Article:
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Electric Bills Headed Up in Time for Summer

Public Service Company of Oklahoma says monthly bills to its customers will be rising because of increased fuel costs, known as the fuel factor. The company says that starting with May billing, a typical customer who uses 1,100 kilowatt hours of electricity per month will see their bills rise by about $6 per month. The fuel factor is based largely on predicted fuel and power costs, and PSO said Wednesday that fuel costs during the past six months have been higher than predicted. Utility...

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Department of Agriculture

Fire and Drought Hurting Western Farmers

Deep snow is melting into Western mountain streams, but some farmers and ranchers on the high plains are struggling amid a lengthy dry spell and the aftermath of destructive wildfires. A swath of Colorado, Kansas, Oklahoma and Texas has been in a drought or near-drought condition for six months, putting some of the winter wheat crop in doubt. The March fires burned nearly 2,100 square miles (5,400 square kilometers) in the four states. Six people died. Agriculture officials say the fires also...

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Supreme Court Justice Breyer Guilty Of Not Silencing His Cellphone

Cellphones and other electronic devices are not permitted inside the courtroom where Supreme Court justices hear cases. Even lawyers arguing cases before the justices are forbidden from bringing in their cellphones. Before entering the courtroom, visitors must leave their phones in lockers and pass through metal detectors. During Tuesday morning's arguments in the case of Bristol-Myers Squibb Co. v. Superior Court of California , the ring of a cellphone could be heard. Justice Stephen Breyer...

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Trump's Efforts To 'Drain The Swamp' Lagging Behind His Campaign Rhetoric

President Trump's campaign rallies were defined by three slogans, three syllables each, which the candidate led the crowd in chanting: "Build the wall," condemning illegal immigration; "Lock her up," attacking Democratic rival Hillary Clinton; and "Drain the swamp," all about cleaning up Washington. At a Wisconsin rally last October , Trump announced, "It is time to drain the swamp in Washington, D.C. This is why I'm proposing a package of ethics reforms to make our government honest once...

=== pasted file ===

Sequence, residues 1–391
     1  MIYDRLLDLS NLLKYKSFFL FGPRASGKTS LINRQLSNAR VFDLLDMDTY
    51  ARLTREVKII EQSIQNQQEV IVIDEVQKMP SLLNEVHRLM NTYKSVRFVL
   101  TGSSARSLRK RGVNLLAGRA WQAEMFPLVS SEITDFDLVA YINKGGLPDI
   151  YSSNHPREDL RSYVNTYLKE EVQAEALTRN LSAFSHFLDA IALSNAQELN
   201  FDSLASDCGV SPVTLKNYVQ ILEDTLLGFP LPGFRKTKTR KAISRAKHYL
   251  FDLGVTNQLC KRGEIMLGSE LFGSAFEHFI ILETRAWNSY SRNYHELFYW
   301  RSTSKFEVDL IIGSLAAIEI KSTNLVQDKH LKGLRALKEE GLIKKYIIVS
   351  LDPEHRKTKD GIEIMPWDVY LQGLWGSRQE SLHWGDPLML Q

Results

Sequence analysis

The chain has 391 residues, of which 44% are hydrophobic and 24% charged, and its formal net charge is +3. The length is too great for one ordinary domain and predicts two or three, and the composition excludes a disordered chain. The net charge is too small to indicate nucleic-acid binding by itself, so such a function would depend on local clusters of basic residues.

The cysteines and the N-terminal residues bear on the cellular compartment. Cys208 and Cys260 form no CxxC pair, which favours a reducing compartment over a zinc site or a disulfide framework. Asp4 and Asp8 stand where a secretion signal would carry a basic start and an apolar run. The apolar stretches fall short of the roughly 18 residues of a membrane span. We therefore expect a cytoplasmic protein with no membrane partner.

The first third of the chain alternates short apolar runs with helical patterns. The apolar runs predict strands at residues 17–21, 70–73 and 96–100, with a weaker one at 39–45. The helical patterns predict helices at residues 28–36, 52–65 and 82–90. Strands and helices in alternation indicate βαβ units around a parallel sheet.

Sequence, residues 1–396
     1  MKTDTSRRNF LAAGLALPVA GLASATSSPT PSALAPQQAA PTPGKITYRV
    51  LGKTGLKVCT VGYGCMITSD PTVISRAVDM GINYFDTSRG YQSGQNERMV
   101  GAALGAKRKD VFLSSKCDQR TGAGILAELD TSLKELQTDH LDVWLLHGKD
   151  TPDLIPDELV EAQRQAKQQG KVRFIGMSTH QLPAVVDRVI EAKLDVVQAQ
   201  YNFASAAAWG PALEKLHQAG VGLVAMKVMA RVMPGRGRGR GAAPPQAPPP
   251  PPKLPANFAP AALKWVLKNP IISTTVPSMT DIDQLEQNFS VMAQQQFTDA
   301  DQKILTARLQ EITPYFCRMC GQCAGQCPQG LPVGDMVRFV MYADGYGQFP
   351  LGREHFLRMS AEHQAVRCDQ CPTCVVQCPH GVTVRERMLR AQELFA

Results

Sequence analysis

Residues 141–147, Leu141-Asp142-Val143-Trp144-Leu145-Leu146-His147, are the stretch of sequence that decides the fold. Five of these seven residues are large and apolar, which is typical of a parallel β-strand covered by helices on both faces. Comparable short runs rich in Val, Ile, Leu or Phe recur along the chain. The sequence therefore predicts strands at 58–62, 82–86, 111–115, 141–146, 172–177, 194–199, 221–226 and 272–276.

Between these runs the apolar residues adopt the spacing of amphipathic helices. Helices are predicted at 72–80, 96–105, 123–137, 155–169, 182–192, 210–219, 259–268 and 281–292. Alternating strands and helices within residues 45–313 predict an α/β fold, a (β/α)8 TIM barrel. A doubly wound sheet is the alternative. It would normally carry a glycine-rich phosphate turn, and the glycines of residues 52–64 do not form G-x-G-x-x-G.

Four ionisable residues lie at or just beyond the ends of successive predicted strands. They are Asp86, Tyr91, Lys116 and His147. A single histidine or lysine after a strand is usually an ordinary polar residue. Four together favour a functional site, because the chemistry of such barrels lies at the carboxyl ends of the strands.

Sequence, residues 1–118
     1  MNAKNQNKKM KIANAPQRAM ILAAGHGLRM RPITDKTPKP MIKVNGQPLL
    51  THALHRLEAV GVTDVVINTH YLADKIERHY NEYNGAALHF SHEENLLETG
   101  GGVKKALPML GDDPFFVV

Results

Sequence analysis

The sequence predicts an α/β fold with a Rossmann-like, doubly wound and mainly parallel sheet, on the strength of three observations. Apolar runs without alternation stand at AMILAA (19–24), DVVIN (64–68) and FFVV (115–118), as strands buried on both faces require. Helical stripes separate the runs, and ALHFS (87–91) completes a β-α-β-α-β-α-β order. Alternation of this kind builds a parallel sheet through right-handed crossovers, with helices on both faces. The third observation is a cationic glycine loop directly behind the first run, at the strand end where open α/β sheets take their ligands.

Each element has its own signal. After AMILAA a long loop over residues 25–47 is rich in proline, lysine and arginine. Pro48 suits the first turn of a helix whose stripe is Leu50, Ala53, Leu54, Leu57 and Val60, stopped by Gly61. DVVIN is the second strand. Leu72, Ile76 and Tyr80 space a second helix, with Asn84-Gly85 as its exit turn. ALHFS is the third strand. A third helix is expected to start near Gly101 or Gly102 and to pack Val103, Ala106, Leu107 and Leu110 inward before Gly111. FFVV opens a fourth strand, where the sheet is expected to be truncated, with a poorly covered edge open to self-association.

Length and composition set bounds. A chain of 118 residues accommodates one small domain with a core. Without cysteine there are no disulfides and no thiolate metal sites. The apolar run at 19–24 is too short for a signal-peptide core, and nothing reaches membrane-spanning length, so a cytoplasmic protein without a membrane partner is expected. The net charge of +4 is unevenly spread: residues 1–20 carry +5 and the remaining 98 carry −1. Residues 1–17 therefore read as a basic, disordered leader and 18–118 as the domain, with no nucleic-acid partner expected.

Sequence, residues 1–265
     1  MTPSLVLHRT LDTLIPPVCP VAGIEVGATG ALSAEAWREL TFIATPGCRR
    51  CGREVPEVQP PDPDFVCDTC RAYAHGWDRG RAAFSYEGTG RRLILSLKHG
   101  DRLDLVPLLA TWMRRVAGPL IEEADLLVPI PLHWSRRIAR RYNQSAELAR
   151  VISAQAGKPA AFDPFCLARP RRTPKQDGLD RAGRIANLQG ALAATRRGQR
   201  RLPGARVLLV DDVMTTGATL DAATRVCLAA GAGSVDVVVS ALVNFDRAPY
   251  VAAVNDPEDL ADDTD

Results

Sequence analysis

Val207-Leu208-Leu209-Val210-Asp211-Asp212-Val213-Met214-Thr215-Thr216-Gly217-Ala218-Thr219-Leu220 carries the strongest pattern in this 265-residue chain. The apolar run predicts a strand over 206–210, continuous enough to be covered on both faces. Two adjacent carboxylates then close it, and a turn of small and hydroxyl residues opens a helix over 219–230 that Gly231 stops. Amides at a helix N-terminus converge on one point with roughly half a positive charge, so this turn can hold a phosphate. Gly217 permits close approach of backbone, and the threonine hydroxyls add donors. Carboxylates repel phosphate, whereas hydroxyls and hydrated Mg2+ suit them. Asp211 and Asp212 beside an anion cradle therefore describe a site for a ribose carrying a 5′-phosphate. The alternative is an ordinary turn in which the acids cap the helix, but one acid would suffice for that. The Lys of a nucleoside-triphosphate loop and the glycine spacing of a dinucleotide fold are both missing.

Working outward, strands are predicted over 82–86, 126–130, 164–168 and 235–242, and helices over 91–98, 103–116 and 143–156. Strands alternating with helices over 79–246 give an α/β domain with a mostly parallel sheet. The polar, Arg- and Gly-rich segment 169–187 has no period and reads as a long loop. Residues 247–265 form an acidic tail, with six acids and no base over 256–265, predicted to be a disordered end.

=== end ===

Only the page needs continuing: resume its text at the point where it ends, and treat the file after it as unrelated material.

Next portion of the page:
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The Give and Take on Education with State Superintendent Joy Hofmeister, Tulsa City Councilor Anna America, and Sand Springs Assistant Superintendent Rob Miller

StudioTulsa

In 1938, Dr. Sigmund Tobias (who was a toddler at the time) and his family were forced to flee from their native Berlin, Germany, to one of the poorest districts of Shanghai, China, where they lived as refugees along with 17,000 other European Jews for more than a decade. Dr. Tobias is our guest today on StudioTulsa. He will share his moving personal story as the featured speaker for the Tulsa Council for Holocaust Education's 20th Annual Yom HaShoah / Interfaith Holocaust Commemoration, which happens tomorrow night (Thursday the 20th) at Congregation B’nai Emunah.

On today's StudioTulsa -- that is, on Tax Day 2017 -- we are joined by T.R.

On this edition of ST Medical Monday, we get to know Robin Steinberg, a New York City-based public defender who founded the nonprofit Bronx Defenders in the late 1990s. This organization is still known for its model of "holistic defense," in which clients are advocated for by an interdisciplinary team of professionals (legal and otherwise) who address the underlying causes as well as the collateral consequences of our criminal-justice system. As Steinberg tells us, in January of this year, the Bronx Defenders opened a smaller-scale satellite office in North Tulsa called Still She Rises.